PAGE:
In what may be the first formal study of the impact of phone snubbing, or “phubbing”, researchers at the Hankamer School of Business of Baylor University surveyed 453 adults in the United States about the extent to which they or their partner use or are distracted by cellphones while in the company of a romantic partner and how this behaviour impacts relationship satisfaction.
Researchers James. A. Roberts and Meredith E. David identified eight types of phone snubbing behaviour that have become common in today’s world. They are:
- During a typical mealtime that my partner and I spend together, my partner pulls out and checks his/her cellphone.
- My partner places his or her cellphone where they can see it when we are together.
- My partner keeps his or her cellphone in their hand when he or she is with me.
- When my partner’s cellphone rings or beeps, he/she pulls it out even if we are in the middle of a conversation.
- My partner glances at his/her cellphone while talking to me.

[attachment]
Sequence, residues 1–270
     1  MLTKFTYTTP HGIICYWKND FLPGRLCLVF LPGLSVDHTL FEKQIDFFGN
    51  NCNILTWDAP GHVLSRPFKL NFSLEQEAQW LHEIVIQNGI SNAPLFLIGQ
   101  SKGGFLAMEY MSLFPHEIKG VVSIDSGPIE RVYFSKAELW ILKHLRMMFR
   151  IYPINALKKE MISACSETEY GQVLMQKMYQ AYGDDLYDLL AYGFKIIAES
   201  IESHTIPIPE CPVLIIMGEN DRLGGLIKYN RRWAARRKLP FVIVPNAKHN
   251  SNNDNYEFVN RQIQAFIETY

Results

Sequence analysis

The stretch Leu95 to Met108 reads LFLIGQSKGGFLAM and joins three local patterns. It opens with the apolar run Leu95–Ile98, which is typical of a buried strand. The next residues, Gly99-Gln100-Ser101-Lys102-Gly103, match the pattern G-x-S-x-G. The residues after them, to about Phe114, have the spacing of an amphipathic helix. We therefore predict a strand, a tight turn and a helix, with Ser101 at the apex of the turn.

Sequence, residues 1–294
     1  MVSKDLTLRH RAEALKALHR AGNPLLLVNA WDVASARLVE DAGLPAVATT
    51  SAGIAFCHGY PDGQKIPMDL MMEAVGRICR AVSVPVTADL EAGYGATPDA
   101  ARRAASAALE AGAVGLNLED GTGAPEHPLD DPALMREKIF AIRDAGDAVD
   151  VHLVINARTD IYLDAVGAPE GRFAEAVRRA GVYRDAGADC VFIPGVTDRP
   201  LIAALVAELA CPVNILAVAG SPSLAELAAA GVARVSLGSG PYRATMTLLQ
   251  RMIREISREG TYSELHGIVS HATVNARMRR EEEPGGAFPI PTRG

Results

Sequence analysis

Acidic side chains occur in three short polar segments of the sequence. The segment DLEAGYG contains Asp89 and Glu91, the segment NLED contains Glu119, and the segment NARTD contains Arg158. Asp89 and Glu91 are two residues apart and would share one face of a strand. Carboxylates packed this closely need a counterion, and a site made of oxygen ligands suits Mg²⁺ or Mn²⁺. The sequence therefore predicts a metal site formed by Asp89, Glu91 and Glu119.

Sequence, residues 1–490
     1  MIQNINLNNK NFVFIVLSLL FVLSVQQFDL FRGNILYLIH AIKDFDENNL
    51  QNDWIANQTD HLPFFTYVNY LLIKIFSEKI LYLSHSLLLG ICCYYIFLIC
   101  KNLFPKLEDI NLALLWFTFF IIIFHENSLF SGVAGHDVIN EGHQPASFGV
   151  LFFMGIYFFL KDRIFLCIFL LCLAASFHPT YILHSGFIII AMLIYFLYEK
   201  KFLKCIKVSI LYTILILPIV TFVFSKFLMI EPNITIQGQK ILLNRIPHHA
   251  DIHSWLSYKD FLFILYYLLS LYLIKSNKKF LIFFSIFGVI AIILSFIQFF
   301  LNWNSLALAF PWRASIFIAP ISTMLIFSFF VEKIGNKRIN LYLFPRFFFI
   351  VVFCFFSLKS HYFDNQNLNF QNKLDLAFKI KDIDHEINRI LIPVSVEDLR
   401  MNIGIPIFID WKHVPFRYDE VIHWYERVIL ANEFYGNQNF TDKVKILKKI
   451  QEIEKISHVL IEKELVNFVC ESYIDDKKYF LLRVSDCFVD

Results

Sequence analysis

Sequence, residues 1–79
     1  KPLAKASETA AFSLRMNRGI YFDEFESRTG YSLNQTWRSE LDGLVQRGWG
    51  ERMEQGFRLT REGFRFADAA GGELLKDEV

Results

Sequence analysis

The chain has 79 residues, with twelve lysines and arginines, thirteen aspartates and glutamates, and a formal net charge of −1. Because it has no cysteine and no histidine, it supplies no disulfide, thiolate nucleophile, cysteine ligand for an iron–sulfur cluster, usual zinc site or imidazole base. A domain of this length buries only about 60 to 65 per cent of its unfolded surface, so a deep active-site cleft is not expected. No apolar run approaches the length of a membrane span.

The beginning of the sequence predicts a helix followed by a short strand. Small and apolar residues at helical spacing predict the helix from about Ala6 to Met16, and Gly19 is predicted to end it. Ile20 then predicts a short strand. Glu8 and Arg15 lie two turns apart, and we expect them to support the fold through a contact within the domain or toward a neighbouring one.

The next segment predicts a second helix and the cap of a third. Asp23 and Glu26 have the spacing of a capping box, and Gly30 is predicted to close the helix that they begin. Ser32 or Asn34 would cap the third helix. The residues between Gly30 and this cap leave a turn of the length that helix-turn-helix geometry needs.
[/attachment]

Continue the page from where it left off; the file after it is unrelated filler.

- During leisure time that my partner and I are able to spend together, my partner uses his/her cellphone.
- My partner uses his or her cellphone when we are out together.
- If there is a lull in our conversation, my partner will check his or her cellphone.
(Any of this sound familiar to you?)
Writing in the journal Computers in Human Behavior, the researchers noted that “the ubiquitous nature of cell phones makes phubbing… a near inevitable occurrence.”
The researchers found that those whose romantic partners had more “phubbing” behaviours were more likely to experience conflict in the relationship and have lower levels of satisfaction.
“When you think about the results, they are astounding,” Roberts said. “Something as common as cellphone use can undermine the bedrock of our happiness — our relationships with our romantic partners.”
The researchers explained that “when one partner allows technology to interfere with time spent with their partner, it sends an implicit message of that partner’s priorities.”
An even more surprising finding in the study was that the consequences of the behaviour can extend beyond the relationship itself — and into a person’s greater well-being. Nearly half of the respondents in the survey said they were phubbed by their partner with 22.6 percent saying it causes conflict and 36.6 percent reporting they felt depressed at least some of the time.